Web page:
Spencer Fernando

Published:November 5, 2021

-Spencer Fernando News&Commentary


The energy wealth of Alberta has made possible the construction of countless schools, hospitals, roads, and much more across our nation. Why is that being ignored?

If someone constantly helps you pay your bills, provides you with financial support and job opportunities, wouldn’t it make sense to feel some gratitude towards them?

Particularly in our personal lives, we would look negatively upon someone who received help from others without showing any gratitude whatsoever.

Even worse would be someone who received all of that help, yet not only criticized those who helped them, but actively tried to impoverish those who helped them, all the while still demanding their financial support.

Almost instinctively, we feel grateful for those who help us, and gratitude is a key part of not only our personal relationships, but in the relationships between different parts of a country.

With that in mind, the lack of gratitude shown to Alberta by most of Canada is stunning.

In a 2019 column, the National Post discussed how – in the 11 years preceding – Alberta had paid a net $240 billion to the rest of the country:

“In just 11 years, Albertans have paid out almost $240 billion to the rest of Canada.

That number is more than one-and-a-half times as much as B.C. and Ontario combined, whose taxpayers pitched in $54.6 billion and $97.9 billion respectively, the other two largest net contributors to the federal balance sheet.”

In that same time period (2007-2018), Quebec received a net $171.3 billion.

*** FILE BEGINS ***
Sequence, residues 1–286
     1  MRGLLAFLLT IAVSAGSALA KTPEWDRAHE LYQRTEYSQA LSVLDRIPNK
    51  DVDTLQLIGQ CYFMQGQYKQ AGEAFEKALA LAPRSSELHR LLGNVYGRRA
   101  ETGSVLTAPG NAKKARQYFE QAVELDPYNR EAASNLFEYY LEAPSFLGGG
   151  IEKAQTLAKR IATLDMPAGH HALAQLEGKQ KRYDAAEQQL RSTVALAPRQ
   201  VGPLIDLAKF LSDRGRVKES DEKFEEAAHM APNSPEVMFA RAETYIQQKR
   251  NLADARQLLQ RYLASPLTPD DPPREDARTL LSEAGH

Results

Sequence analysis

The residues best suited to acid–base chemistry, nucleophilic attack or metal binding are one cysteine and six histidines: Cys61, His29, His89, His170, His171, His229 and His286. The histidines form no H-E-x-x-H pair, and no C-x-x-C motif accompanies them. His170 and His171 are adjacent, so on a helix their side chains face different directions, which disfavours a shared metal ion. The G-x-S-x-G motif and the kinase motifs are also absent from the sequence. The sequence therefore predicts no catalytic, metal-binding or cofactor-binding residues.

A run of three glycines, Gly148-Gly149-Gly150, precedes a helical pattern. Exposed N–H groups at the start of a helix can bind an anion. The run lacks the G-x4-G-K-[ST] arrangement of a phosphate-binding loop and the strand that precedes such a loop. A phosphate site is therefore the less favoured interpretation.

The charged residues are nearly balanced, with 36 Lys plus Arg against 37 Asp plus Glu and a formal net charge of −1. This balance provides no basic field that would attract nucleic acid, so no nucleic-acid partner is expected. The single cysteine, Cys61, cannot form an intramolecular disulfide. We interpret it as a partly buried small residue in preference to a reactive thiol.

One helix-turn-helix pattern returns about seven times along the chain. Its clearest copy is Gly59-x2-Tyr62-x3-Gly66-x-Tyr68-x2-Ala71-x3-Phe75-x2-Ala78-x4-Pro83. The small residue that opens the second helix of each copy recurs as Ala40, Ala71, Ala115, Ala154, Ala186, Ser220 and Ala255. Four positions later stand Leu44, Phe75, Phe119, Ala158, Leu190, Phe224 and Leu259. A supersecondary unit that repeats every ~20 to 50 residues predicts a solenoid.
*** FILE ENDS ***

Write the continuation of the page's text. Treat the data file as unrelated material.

Put in per capita terms, the contribution of Albertans is immense:

“The numbers from Statistics Canada show that Alberta’s $240 billion comes to about $5,000 a year — for 11 years — for Alberta’s taxpayers.

Ben Eisen, a senior fellow with the Fraser Institute’s Provincial Prosperity Initiative, said the results, per capita, were hard to ignore.

“Despite economic challenges which could reduce net contribution to federal finances, it still remains true that Alberta is a major net contributor to public finances,” he said in a phone interview.

“Far more tax revenue comes to Ottawa from Albertans than what comes back to Alberta in terms of federal services and transfers.””

Furthermore, from 1961 to 2017, Alberta paid net $600 billion more to the rest of the country than they received.

Unfair deal

Quite often, Quebec has used the money coming in to the province from equalization (mostly from Alberta), to expand government services and/or cut taxes.

This means Albertan taxpayers are having to fund the standard of living in other parts of the country.

Which brings us back to the example I used to lead off the article.

It is simply a fact that the standard of living enjoyed by many Quebec residents is in large part reliant upon money that is taken away from Alberta.

This should, in a logical world, lead to Quebec feeling a great degree of gratitude towards Alberta.

Imagine how many schools, hospitals, bridges, highways, fire halls, police stations, and more were in Quebec (and other provinces) with money earned by Albertans.

And, even if we are looking at things from a purely self-interested lens, it would make sense for Quebec to support the expansion of Alberta’s energy sector, since – under the current equalization system – more wealth for Alberta means more wealth for Quebec.